Tools to Help Celebrate World Kindness Day on Nov. 13
This year has been downright lousy, as we have faced an unfathomable perfect storm of challenges—a pandemic, a battered economy, glaring exposure of an unequal justice system, and bitterly contested elections. The lone bright spot for many has been witnessing acts of kindness, of reaching out to each other, to help each other through.
Kindness is a skill, something we can all learn and practice. It also lies at the core of Jewish values, requiring us to make conscious choices about our actions. Kindness is worth teaching because it affects virtually all aspects of life, from how we see ourselves to how we treat others and navigate our place in the world.
November 13 is World Kindness Day, a global effort to highlight good deeds in our communities and "focus on the positive power and the common thread of kindness that binds us."
Here are some ways to teach and practice kindness.
This exercise comes from Mindful.org: "Be kind even when you’re cranky. It’s easy to be kind when we’re in a good mood. When we’re struggling, not so much. So next time you feel frustrated, angry or hurt, refrain from speaking or acting immediately. Take a moment. Remember this practice by using an acronym… S-T-O-P.
S for “stop,” T for “take a breath,” O for “observe what’s happening in and around you,” and P for “practice responding rather than reacting.”
The idea of chesed, or loving-kindness, is mentioned in the Torah more than 200 times, indicating its importance in Judaism. Let's Discover Kindness is a series of eight four-page folders that help make the concept concrete to young children.
From the folder about Acceptance comes the following activity: Show children two eggs (either real or images) - one white egg and one brown egg. Together, make a list of all the similarities and differencees between the eggs. Ask, "What other things are different on the outside and the same on the inside?" Transition to a discussion about people - make a list of what all people have in common (possible answers could include blood, hearts, brains, we want to be safe and healthy).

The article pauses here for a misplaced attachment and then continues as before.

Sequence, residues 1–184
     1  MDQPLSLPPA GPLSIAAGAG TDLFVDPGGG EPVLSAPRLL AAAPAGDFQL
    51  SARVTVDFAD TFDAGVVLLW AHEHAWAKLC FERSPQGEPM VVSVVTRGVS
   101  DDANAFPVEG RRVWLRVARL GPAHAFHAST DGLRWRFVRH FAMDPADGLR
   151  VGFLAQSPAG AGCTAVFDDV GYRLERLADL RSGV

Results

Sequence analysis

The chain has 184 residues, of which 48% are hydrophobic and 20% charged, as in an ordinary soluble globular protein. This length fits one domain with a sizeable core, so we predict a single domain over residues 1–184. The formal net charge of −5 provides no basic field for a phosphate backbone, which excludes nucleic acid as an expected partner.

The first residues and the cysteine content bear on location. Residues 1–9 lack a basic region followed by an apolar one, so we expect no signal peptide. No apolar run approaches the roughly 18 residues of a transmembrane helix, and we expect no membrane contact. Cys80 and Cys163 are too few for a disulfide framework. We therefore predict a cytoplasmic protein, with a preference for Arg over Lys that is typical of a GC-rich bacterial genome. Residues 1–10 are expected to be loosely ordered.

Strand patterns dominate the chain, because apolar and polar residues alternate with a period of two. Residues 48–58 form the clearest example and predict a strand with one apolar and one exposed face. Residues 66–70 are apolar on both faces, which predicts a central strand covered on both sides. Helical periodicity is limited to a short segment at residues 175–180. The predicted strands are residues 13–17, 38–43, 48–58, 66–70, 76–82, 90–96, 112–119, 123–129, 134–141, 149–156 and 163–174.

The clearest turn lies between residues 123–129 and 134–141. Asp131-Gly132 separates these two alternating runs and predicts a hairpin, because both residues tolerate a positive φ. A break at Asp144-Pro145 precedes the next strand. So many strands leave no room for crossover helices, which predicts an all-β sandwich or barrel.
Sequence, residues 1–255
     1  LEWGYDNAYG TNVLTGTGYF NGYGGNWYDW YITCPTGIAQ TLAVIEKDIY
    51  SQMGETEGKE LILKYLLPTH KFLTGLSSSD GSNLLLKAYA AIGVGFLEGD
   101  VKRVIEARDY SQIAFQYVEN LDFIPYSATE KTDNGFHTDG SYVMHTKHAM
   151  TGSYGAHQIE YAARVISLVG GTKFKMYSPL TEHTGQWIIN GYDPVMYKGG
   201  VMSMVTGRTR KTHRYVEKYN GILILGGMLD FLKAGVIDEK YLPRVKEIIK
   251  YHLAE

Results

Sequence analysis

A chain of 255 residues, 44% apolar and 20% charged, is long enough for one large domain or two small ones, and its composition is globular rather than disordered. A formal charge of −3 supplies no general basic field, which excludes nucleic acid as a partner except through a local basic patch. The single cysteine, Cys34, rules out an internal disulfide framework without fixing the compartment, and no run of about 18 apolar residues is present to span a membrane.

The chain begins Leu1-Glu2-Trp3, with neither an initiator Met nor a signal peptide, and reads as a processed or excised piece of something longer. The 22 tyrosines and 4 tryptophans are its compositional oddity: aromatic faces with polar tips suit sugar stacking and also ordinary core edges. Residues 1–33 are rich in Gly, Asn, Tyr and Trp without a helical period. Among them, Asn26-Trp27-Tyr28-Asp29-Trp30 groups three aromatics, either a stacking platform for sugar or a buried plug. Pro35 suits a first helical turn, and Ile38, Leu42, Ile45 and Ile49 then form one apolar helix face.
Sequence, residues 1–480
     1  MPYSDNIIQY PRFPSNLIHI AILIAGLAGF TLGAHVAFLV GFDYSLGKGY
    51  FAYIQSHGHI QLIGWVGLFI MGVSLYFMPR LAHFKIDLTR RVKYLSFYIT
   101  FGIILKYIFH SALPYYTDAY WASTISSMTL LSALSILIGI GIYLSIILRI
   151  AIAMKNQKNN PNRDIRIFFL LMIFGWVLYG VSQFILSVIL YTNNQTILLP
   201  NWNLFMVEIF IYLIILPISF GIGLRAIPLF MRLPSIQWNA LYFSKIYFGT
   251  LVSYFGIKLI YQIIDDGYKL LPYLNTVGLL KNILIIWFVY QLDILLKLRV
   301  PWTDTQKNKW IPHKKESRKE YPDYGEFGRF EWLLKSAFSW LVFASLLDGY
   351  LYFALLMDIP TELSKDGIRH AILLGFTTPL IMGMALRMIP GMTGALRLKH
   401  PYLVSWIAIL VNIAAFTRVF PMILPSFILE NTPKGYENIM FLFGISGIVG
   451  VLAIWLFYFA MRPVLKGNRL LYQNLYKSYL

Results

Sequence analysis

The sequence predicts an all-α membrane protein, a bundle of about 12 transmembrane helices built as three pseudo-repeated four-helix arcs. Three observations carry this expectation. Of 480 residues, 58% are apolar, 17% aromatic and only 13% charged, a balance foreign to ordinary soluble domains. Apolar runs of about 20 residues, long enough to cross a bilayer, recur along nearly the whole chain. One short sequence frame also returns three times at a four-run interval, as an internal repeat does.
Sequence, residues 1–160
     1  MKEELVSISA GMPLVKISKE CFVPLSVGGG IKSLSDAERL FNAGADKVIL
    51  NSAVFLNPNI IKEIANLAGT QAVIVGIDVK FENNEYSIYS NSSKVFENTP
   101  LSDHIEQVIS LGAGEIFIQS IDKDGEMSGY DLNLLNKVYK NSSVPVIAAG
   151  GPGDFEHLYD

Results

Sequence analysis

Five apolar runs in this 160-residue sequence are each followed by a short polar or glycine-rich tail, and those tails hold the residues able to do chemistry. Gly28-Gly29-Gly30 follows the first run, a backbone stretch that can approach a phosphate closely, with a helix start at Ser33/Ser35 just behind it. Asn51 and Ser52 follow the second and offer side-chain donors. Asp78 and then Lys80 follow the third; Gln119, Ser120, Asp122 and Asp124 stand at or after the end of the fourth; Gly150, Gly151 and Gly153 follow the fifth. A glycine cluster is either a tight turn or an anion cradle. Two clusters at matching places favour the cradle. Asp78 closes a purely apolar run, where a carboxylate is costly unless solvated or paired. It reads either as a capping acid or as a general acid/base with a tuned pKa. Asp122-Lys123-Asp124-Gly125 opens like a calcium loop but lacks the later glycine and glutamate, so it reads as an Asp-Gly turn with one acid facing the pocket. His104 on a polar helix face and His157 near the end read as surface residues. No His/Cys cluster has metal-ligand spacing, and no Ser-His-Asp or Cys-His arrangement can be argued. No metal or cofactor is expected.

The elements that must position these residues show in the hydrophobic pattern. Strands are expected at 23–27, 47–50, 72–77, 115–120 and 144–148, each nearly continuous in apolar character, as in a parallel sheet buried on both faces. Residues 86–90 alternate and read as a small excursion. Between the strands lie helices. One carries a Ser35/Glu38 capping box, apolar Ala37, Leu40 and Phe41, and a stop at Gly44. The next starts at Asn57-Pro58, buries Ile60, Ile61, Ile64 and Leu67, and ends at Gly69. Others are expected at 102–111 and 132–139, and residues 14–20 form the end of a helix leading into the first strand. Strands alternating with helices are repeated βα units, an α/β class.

For a second activity, have children work with a partner to discover three things they have in common (both like chocolate ice cream or Harry Potter, perhaps). Then ask a pair of volunteers to share with the whole group.
Click the images below to download sample pages from this series.
This is an age when children are thining critically about right and wrong and the importance of the choices they make. Here is an activity from A Kids Mensch Handbook about the value of sh'lom bayit, peace in the home.
Start by asking children to complete the following sentence in their heads or on paper: "My favorite family memories are_____" Allow some to share with the whole group. Ask them what made those memories or events special. How were members of the family treating one another then?
Then tell the story of Joseph. Point out that Joseph chose to tell his dream to his family. Ask: "How did Joseph's choice affect his family?" "What could his brothers have done to preserve family peace?" " What could Jacob, Joseph's father, have done to prevent he conflict?" Encourage children to use the words kindness and respect in their answers.
Using simple materials such as construction paper, scissors, markers and staplers, give children a few minutes to cut the paper into several strips. Instruct each students to write their name on one strip of paper, then write the names of close family membres on other strips, one strip for each person. Then have them write positive adjectives that describe each person on the strip, and one thing they can do to be kinder to that person. Have them staple their strips into chains, and ask volunteers to share with the whole group.
Tweens and Teens
Kindness is more than how we treat others. It's what happens when we look in the mirror (literally and figuratively) and how we treat ourselves. The Failure Book offers a way to considering how we can help children be kinder to themselves, by offering short biographies of famous people who each faced challenges and false-starts on their paths to success.
Here is one way to teach self-care with World Kindness Day: Connect the idea of growing from mistakes with t'shuvah, the Jewish process of getting ourselves back on track and committing to making better choices. T'shuvah is all about giving ourselves permission to acknowledge our humanity, our lack of perfection. It's humbling and honest, and the essence of being kind to ourselves.
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